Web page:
What really causes electromagnetic induction/ the motor effect?

In summary, an electric wire in a changing magnetic field experiences a Lorentz force, which is determined by the electric and magnetic fields present. This force causes the movement of electrons in the wire, creating an electric current. At the most fundamental level, this phenomenon is known as the "Hole Charge." The stability of the metal used in the wire affects its conductivity, with gold being one of the best conductors due to its resistance to oxidation.
  • #1
henpen
50
0
When a conducting wire is subjected to a changing magnetic field, what causes the electrons in this wire to move?
Conversely, why does the movement of current in the wire (with a non-'moving' magnetic field) cause the wire to move?
I understand these phenomena macroscopically (and that they are different sides of the same electromagnetic coin), but at the most fundamental level, what happens?
 
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  • #2
I believe the idea is a called a "Hole Charge."

I don't know exact chemistry of conductors, but basically, they are usually fairly stable.

Electricity is more of a pulling effect.

When you pull one of the electrons from one end of the wire, those atoms pull electrons from neighboring atoms and the "effort" travels up the wire. The "effort" is near the speed of light. The electrons themselves do not travel at the speed of light. In fact, the more they have to travel, the more heat it causes and resistance builds up.

Thus A/C is more efficient then D/C.

The more stable the metal, the better conductor is it makes. For example: Gold is one of the best conductors and does not oxidize like many others. At least, I think so.
 
  • #3
Fundamentally, a charge experiences the Lorentz force, period. The E and B fields at the charge determine that force.

Note that a changing magnetic field creates an electric field. That's one of the fields that exerts a force on the charge in the case of a time-changing magnetic field.

Every one of Lord Challen's observations is incorrect.
 
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Related to What really causes electromagnetic induction/ the motor effect?

1. What is electromagnetic induction and how does it work?

Electromagnetic induction is the process by which an electric current is produced in a conductor when it is exposed to a changing magnetic field. This can be achieved by either moving a magnet near a stationary conductor or by moving a conductor near a stationary magnet. The changing magnetic field induces a current in the conductor, according to Faraday's law of induction.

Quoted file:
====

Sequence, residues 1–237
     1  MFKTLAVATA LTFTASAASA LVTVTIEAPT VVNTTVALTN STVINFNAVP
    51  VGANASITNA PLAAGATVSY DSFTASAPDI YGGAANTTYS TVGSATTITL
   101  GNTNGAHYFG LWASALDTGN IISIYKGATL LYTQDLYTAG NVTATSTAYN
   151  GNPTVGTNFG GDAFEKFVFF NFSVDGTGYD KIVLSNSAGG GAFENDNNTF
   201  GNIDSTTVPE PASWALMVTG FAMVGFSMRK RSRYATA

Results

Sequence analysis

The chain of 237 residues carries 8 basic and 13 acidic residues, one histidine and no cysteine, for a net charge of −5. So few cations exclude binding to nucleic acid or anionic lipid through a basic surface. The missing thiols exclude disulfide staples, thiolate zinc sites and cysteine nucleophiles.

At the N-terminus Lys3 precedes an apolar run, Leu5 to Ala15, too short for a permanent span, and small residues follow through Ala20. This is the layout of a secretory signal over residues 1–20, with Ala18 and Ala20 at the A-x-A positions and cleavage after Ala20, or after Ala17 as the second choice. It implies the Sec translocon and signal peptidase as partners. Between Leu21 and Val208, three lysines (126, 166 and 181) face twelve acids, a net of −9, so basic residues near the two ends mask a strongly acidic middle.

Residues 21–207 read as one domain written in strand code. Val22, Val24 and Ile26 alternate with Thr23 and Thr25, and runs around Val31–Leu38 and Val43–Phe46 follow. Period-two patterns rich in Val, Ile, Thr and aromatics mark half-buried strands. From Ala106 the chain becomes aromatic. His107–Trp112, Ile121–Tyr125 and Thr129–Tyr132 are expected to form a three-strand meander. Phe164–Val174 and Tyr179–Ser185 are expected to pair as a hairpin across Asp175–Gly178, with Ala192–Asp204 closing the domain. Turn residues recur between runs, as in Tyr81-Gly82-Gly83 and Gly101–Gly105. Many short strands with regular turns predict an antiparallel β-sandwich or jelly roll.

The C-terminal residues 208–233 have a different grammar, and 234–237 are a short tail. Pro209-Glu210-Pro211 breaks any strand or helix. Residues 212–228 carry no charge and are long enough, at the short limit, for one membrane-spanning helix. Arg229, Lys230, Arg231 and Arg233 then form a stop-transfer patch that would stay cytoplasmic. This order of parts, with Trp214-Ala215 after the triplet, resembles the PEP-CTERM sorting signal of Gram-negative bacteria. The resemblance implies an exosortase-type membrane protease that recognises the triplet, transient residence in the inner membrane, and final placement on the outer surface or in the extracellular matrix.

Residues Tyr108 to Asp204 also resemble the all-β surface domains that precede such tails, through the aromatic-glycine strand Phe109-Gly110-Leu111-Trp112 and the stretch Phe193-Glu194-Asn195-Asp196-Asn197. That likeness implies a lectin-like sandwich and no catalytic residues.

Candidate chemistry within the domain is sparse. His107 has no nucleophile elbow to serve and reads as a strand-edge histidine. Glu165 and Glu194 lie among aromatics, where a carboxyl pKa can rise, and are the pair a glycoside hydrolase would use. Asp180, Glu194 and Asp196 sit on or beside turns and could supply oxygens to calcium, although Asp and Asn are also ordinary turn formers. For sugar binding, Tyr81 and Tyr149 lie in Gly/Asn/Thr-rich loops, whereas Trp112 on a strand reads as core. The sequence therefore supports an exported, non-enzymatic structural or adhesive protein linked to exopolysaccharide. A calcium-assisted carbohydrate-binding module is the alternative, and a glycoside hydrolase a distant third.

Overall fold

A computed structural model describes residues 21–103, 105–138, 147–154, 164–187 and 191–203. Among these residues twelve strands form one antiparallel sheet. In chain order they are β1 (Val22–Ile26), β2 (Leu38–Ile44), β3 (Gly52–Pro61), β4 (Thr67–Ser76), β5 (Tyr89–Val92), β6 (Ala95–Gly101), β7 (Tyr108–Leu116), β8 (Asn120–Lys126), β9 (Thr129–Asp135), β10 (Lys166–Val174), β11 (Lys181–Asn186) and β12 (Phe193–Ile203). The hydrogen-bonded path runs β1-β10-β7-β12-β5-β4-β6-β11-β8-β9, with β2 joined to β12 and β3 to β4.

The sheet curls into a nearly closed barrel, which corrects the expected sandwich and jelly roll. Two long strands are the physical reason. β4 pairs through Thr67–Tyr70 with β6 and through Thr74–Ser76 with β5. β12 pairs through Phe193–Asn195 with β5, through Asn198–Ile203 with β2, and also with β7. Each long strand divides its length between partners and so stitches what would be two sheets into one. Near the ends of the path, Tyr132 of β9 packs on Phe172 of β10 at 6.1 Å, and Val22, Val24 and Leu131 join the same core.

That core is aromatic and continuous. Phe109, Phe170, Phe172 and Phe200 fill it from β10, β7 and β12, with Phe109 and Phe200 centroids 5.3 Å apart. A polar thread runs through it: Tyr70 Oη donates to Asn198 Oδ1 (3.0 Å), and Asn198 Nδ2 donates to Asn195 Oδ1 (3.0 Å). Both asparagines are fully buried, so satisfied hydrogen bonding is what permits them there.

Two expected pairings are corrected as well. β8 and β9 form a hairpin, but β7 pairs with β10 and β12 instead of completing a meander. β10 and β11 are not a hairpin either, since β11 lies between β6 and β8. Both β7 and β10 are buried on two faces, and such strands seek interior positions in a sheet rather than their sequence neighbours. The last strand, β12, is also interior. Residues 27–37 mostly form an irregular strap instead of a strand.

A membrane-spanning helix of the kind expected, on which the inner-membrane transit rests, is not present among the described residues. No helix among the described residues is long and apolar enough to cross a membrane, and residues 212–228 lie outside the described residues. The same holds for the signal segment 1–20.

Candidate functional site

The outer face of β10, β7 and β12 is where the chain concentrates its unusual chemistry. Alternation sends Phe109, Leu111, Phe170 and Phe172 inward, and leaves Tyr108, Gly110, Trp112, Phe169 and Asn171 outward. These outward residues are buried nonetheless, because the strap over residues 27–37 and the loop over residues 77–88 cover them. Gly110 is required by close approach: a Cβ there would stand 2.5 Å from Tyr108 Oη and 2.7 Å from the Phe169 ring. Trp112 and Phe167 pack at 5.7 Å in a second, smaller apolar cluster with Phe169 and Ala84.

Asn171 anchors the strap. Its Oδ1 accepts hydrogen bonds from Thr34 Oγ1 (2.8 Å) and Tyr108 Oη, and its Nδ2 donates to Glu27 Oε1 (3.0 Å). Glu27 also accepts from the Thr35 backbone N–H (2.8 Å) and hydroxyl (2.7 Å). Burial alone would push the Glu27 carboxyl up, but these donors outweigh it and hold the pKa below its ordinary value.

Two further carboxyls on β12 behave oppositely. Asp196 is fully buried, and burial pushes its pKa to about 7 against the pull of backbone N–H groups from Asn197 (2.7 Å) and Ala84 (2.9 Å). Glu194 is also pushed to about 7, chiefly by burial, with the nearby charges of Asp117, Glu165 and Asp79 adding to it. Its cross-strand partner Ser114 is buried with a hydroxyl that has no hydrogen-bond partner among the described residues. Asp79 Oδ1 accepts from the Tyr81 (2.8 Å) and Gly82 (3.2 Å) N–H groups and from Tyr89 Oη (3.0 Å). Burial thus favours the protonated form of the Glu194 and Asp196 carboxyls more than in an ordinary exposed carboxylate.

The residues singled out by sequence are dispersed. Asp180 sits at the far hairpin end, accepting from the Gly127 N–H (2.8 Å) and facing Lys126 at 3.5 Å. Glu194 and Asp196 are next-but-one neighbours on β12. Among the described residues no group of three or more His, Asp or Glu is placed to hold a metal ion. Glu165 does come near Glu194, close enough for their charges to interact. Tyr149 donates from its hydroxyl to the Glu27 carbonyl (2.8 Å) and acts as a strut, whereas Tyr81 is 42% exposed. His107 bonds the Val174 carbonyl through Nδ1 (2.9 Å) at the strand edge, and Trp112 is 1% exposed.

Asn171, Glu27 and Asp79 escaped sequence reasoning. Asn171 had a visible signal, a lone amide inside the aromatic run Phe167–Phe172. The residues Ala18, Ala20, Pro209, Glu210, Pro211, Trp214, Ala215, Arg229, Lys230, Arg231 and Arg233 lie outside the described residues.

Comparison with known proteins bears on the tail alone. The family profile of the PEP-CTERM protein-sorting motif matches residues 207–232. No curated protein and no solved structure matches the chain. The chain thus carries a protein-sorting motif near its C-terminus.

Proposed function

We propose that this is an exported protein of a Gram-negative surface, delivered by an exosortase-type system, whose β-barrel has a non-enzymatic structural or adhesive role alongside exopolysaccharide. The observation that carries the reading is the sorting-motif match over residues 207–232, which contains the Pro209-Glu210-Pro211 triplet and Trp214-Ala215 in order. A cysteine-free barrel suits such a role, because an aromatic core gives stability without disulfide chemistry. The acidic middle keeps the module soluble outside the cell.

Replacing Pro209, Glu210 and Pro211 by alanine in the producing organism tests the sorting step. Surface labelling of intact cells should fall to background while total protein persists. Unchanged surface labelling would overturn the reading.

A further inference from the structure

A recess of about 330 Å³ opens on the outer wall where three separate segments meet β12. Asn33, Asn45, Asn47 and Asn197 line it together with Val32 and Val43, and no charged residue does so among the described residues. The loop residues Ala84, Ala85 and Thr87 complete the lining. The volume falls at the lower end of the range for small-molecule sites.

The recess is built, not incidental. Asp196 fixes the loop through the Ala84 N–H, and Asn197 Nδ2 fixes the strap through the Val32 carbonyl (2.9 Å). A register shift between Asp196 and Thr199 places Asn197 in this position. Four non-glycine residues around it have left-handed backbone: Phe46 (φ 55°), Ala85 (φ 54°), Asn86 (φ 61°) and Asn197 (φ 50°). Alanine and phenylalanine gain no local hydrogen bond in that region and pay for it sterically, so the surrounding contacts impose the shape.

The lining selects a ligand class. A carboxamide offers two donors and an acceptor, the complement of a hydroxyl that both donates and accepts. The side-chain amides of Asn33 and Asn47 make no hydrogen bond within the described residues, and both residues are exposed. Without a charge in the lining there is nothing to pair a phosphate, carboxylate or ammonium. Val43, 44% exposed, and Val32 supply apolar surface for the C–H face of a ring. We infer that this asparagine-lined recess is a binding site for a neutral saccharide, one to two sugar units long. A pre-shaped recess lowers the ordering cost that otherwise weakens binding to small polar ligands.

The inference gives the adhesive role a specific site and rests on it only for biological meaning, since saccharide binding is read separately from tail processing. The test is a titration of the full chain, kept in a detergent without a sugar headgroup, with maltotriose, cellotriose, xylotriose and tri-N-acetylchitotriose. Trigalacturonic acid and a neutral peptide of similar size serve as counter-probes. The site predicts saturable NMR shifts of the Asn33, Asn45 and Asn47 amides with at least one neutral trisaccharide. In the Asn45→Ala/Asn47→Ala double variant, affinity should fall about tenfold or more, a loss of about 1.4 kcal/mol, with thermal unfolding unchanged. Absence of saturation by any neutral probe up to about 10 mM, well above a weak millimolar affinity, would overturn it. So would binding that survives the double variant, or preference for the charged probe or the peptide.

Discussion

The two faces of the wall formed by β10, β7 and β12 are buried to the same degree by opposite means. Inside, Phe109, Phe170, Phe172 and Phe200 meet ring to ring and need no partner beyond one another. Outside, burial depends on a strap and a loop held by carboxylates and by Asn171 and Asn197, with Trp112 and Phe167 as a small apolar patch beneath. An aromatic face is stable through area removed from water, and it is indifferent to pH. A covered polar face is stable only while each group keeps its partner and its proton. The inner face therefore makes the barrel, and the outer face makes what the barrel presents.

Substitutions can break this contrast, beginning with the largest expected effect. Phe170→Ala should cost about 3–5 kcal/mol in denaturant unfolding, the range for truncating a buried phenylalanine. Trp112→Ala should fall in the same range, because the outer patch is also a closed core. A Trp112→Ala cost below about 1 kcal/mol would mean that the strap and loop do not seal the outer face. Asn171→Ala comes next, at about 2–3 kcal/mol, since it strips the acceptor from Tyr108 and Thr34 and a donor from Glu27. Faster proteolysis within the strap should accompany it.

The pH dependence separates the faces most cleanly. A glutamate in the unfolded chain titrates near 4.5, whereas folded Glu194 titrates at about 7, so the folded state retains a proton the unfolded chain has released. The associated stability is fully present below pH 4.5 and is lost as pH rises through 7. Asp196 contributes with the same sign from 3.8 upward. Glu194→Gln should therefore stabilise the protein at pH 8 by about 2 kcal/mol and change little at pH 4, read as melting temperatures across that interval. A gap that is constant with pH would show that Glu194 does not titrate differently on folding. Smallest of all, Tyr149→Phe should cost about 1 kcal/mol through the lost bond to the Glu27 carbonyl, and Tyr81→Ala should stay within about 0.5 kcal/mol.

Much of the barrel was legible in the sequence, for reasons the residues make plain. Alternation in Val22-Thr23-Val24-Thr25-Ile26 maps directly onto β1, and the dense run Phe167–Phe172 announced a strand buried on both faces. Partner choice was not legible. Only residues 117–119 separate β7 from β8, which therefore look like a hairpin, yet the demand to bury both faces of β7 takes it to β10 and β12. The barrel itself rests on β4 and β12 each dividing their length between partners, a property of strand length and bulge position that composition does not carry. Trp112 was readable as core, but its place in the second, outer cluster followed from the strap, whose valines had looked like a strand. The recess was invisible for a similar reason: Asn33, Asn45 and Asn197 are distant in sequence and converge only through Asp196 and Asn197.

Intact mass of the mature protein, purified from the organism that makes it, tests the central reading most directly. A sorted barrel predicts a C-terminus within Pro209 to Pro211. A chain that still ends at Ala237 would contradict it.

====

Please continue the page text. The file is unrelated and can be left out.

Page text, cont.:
2. What is the motor effect and how is it related to electromagnetic induction?

The motor effect is the phenomenon where a current-carrying conductor experiences a force when placed in a magnetic field. This is directly related to electromagnetic induction as the current in the conductor is induced by the changing magnetic field, and the force experienced by the conductor is a result of the interaction between the magnetic field and the current.

3. What factors affect the strength of electromagnetic induction/ the motor effect?

The strength of electromagnetic induction and the motor effect depends on several factors, including the strength of the magnetic field, the speed at which the conductor or magnet is moving, the angle between the magnetic field and the conductor, and the number of turns in the conductor. The greater these factors, the stronger the induction and motor effect will be.

4. What are the practical applications of electromagnetic induction/ the motor effect?

Electromagnetic induction and the motor effect have many practical applications in our everyday lives. Some examples include generators, transformers, electric motors, and induction cooktops. These technologies rely on the principles of electromagnetic induction and the motor effect to function.

5. How is electromagnetic induction/ the motor effect related to electricity and magnetism?

Electromagnetic induction and the motor effect are closely related to electricity and magnetism. They demonstrate the fundamental connection between these two phenomena and how they can interact with each other. Without the understanding of electricity and magnetism, we would not be able to explain or utilize electromagnetic induction and the motor effect in modern technology.

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